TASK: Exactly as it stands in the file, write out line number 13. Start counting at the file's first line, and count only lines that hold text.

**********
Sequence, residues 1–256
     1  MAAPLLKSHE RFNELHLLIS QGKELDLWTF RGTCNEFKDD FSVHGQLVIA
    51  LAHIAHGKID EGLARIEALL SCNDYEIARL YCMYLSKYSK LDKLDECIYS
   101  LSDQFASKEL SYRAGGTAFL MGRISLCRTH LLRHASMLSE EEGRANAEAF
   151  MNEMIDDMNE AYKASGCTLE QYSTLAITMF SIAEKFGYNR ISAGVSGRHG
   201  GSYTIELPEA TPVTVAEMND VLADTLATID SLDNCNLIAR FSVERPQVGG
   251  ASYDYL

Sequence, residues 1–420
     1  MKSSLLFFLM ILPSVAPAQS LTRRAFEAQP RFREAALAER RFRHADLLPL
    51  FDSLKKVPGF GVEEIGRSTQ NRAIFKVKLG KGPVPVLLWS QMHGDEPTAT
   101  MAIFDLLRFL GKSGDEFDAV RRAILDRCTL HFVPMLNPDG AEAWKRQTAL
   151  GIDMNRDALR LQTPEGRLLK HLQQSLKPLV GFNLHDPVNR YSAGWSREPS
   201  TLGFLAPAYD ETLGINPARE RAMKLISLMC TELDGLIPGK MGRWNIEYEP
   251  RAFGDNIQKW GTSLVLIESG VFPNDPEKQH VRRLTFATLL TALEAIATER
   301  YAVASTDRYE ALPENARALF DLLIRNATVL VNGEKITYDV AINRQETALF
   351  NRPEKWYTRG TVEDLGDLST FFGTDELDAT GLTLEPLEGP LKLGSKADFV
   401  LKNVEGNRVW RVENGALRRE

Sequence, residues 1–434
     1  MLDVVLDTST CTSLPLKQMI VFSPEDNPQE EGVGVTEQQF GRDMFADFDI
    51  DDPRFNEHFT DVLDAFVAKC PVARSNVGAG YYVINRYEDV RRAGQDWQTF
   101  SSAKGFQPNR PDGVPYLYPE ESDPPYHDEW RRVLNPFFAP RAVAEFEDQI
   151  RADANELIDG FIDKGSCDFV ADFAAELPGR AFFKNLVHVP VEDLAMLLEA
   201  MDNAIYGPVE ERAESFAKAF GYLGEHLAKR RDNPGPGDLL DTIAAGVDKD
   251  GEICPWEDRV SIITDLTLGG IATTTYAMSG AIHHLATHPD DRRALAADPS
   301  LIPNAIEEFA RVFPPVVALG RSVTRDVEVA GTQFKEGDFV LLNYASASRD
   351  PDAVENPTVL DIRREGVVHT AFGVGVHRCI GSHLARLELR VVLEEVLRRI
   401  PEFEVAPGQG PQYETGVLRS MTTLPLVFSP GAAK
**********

   201  TLGFLAPAYD ETLGINPARE RAMKLISLMC TELDGLIPGK MGRWNIEYEP